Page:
15 Bilge Strateji, Cilt 5, Sayı 8, Bahar 2013 nizing Abkhazia and South Ossetia made clear). The Caucasus and the Caspian Sea region give the most convincing examples that there are no hard power solutions for situations involving ethnic conflicts or religious clashes. This is why spill-over plays crucial role as part of soft power approaches. Investments projects can foster solving security issues. There are always normative repercussions of energy projects, as exemplified by the growing attractiveness of the culture of partnership, sustainability, transparency, social responsibility of business, etc. My comparative analysis has uncovered significant differences between the three major actors whose soft power potentials have important impacts over the regional formations under consideration. To the south of its borders Moscow faces new types of power mechanisms that emerge as a combination of global governance tools and regional institutions. Russia can t stop these processes even if some of them would challenge Russia s policies. Moreover, Russia will find itself under increased pressure from its neighbors and their global allies: this is, for instance, the case of the role of the Russian troops in separatist regions. Of course, Russia can keep claiming that it is NATO and the EU that are eager to deprive Russia s neighbors of their independence, but the Kremlin s role of the defender of sovereignties definitely won t resonate among either of neighboring and more distant - countries. For Russia regionalism is part of (neo)realist conceptualization of major international powers inclination to form blocs and alliances to serve their geopolitical purposes. There is a widely spread sense in Moscow that major states pursue policies of self-assertiveness and hegemony by means of forging regional alliances something similar to the theory of great power orbits 36 which presumes that smaller countries are hardly able to contrive regional integration and stability on their own. 37 Against this background the Kremlin is traditionally wary of activities of what it dubs «extra-regional actors» in the Caucasus and Central Asia, who allegedly try to detach Russia s neighbors from the Russian sphere of influence and to substantiate their historically contingent inclusion in the USSR. 38 External actors policies are aimed, according to the Kremlin geopolitical narrative, at more forcefully linking the vast Eurasian areas to the West, and substantiating the pivotal roles for NATO and EU in providing security to its southern and eastern peripheries, as well as secure energy transportation routes essential for the West. 39 But Moscow evidently can t be the only magnet for the regions of its southern 36 Ronald Yalem, Theories of Regionalism, Regional Politics and World Order, ed. Richard Falk and Saul Mendlovitz, (San Francisco: W.H.Freeman and Company, 1973), George Liska, Geographic Scope, the Pattern of Integration, Regional Politics and World Order, ed. Richard Falk and Saul Mendlovitz, (San Francisco: W.H.Freeman and Company, 1973), Irina Zviagelskaya, Meniayuschiesia Balansy, Svobodnaya Mysl, No. 11 (1606), Oleg Yanitskiy, Evropeiskie Lidery o Dolgosrochnoi Perspective ES, Mir i Politika, No. 11 (26), (November 2008),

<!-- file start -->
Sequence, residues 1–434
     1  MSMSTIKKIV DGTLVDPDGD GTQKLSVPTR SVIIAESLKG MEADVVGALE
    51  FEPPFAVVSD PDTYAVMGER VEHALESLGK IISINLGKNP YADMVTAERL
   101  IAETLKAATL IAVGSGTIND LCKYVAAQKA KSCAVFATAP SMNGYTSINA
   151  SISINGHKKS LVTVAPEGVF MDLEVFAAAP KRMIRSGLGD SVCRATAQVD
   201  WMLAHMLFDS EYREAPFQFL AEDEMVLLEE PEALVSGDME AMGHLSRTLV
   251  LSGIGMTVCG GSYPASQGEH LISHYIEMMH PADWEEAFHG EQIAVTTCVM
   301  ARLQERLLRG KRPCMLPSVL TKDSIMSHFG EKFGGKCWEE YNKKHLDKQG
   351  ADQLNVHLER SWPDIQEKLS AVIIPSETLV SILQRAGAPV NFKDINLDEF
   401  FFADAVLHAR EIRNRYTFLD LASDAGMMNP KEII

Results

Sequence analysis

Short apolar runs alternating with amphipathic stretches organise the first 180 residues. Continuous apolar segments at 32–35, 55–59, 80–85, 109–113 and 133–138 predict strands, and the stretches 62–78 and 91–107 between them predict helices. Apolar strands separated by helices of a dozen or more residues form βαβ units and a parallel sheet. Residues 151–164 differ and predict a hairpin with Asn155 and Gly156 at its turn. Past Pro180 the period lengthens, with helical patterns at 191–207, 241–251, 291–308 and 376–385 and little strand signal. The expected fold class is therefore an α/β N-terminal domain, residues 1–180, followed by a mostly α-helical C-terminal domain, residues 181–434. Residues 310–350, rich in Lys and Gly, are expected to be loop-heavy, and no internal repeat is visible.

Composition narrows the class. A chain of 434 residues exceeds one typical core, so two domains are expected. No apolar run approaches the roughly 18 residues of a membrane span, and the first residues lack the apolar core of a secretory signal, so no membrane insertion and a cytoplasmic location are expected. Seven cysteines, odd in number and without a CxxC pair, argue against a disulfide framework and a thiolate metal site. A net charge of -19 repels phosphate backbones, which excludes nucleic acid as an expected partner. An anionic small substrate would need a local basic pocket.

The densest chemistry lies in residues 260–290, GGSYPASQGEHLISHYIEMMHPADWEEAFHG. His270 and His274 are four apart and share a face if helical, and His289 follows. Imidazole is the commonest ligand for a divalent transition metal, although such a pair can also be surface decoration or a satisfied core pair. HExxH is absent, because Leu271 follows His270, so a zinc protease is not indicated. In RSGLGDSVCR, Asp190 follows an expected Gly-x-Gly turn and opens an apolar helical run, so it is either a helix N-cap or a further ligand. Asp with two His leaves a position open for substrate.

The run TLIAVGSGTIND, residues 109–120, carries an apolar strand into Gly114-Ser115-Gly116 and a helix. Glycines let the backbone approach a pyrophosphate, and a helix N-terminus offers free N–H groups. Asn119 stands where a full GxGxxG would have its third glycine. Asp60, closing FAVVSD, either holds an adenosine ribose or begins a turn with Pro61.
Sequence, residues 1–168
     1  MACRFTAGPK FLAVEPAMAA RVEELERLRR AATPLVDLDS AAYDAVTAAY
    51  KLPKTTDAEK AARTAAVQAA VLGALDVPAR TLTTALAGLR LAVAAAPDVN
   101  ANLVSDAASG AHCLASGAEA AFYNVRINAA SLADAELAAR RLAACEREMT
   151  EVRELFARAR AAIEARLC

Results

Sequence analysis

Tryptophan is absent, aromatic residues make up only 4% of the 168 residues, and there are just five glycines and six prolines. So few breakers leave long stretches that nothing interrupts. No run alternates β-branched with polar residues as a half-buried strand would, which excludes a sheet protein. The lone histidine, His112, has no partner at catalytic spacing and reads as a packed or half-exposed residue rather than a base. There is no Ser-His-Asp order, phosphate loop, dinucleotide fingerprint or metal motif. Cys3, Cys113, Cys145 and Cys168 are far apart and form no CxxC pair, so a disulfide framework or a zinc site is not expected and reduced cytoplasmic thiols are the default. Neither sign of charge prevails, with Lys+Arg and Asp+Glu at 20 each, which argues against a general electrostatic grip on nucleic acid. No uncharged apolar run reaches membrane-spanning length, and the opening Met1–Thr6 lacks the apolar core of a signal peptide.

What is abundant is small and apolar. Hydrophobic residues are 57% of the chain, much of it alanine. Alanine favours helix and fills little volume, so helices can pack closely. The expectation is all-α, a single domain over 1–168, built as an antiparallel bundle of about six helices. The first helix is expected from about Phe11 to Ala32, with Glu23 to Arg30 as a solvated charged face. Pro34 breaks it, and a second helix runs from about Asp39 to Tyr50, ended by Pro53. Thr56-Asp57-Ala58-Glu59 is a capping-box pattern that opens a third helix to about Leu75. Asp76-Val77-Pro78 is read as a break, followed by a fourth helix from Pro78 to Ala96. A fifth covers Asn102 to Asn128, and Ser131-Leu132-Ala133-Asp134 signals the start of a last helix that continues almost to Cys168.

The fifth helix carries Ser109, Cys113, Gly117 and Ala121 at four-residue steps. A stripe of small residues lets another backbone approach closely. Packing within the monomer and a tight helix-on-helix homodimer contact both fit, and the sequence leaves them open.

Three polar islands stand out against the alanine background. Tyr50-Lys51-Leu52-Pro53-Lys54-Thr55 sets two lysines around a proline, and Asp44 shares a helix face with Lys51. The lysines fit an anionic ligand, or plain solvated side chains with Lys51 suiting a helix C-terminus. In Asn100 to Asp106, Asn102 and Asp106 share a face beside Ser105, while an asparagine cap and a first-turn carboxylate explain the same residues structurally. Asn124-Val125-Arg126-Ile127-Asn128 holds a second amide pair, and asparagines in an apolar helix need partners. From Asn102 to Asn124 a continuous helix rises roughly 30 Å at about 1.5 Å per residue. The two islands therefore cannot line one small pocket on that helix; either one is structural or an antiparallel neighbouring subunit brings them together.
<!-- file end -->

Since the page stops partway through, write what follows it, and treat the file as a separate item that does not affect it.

16 Soft Power, Regionalism And Common Neighborhoods neighborhood. The EU pursues its own policy agenda in the Caucasus and Central Asia, moving from pro-multilateralism policy to intensified regionalism. 40 The EU believes that the most successful experiences of region-making can be considered as models to be potentially replicated in other regions. For example, there were many attempts to geographically extend the positive experience of the Baltic region-building to the south, including the Black Sea and Caucasian countries. The Baltic Black Sea nexus is especially appealing for countries like Georgia which has in many respects more in common with the Baltic States than it does with its immediate neighbors. 41 Turkey is another important actor with its own long-term vision of its neighborhood policies. Russia and Turkey can be partners and even co-makers of the Black Sea regional institutional framework, but their policies certainly diverge in two areas: in the Middle East (and in Syria in particular 42 ) and in energy supply projects. Turkey sees Russia as a country profiting from the Middle East conflicts and in a wider sense threatening the Euro-Atlantic energy security concept which NATO (among others) has been promoting. 43 This only complicates the political landscape in the Turkish Russian common neighborhood and spur clashes of different visions of regional projects. Against this backdrop, the challenges Russia faces in its southern neighborhood seem indeed far-reaching. Should Russia ground its soft power discourses in normative issues, including democracy, it will most likely be outperformed by the EU that is a much stronger actor in this domain. In the meantime, in civilization-based approaches it is Turkey that possesses a much more influential appeal all across Russia s southern neighborhood. Whereas both the EU and Turkey try to narrow gaps between their soft power and hard power policies, Russia seems to utilize soft power tools basically as a means to reducing international repercussions of its hard power-based moves, including the military support for separatist territories of Abkhazia, South Ossetia and (indirectly) Nagorno-Karabakh. The concomitant political commitments that Russia has taken seriously constrain its freedom of maneuver and reduce the effectiveness of Moscow s soft power policies. 40 Sung-Hoon Park, The Dynamics of Regionalism in the APEC Region: Tendencies, Characteristics, and Policy Issues, States, Regions and the Global System. Europe and Northern Asia-Pacific in Globalized Governance, ed. Andreas Vasilache, Reimund Seidelmann and Jose Luis de Sales Marques, (Baden-Baden: Nomos, 2011), Jonathan Kulick and Temuri Yakobashvili, Georgia and the Wider Black Sea, The Wider Black Sea Region in the 21 st Century: Strategic, Economic and Energy Perspectives, ed. Daniel Hamilton and Gerhard Mangott, (Washington and Vienna: The Johns Hopkins University and Austrian Institute for International Affairs, 2008), Nihat Ali Ozcan, Turkey s Syria Bargain with Russia, Daily News, (December 6, 2012), Gulmira Rzayeva, BP-Rosneft Deal: Implications and Intentions, Caspian Report, (October December 2012),